Share |

Knowledge to Grow by Karen Weiland - Pussy Willow

Due to the seemingly never-ending winter that we have been experiencing this year, I went on a backyard hunt this morning to find something – anything – that showed some sign of growth. I knew that if anything was going to give me that “spring-is-almost-here” sign of hope it would be my pussy willow bush. I was right! Much to my delight, those silky little catkins were sticking their heads out of their protective cover.

The pussy willow is one of the first plants to wake up after winter. While most plants are still in their dormant stage, pussy willows bloom early in the season with a display of soft, fuzzy buds that open into small yellow flowers.

In their native habitat the pussy willow grows in a wet environment. They can be grown successfully in a backyard as long as they are given enough moisture. They grow best in full sun but will tolerate partial shade.

Because of the invasive nature of their roots, the pussy willow is often planted along stream or pond banks to prevent erosion. It is recommended to not plant pussy willow near septic tank fields, sewer pipes and water lines.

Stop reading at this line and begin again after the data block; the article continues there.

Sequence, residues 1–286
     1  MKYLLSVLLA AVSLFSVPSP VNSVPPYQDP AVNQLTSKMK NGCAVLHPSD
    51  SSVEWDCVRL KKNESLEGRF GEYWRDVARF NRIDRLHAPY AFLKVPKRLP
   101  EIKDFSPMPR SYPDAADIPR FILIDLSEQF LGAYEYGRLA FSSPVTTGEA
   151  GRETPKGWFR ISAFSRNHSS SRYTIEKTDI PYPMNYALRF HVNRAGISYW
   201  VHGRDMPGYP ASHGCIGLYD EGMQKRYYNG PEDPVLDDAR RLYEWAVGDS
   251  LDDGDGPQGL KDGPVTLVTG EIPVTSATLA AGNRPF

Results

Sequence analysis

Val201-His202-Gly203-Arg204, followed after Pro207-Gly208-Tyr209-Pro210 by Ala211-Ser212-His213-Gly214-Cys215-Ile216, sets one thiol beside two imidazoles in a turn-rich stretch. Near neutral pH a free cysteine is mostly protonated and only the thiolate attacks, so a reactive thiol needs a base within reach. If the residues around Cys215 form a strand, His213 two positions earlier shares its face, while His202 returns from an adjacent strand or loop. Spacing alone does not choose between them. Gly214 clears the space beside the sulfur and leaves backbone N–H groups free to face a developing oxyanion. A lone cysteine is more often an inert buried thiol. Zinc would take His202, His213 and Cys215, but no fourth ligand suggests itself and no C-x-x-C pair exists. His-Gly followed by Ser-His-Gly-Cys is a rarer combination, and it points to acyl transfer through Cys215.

Pussy willows, which are considered to be a tree or a multi-stemmed bush, can grow up to 30 feet in height. These plants require some major pruning every year to keep them strong and healthy. I did my pruning this morning and brought the stems indoors. After removing the lower buds, I placed them into a bucket of water to force them into bloom. I will use them in my spring arrangements.

If left in the water long enough, the stems will form roots and sport leaves once the flowers have faded. If you do not want roots and leaves, take the stems out of the water and allow them to dry before using. The rooted pussy willow branches can be planted in the landscape after the roots have reached a length of about three to four inches and the chance of frost is past. They will need to be kept very well watered.

As always, Happy Gardening!

The Purdue Cooperative Extension Service can be reached at 499-6334 in LaGrange County.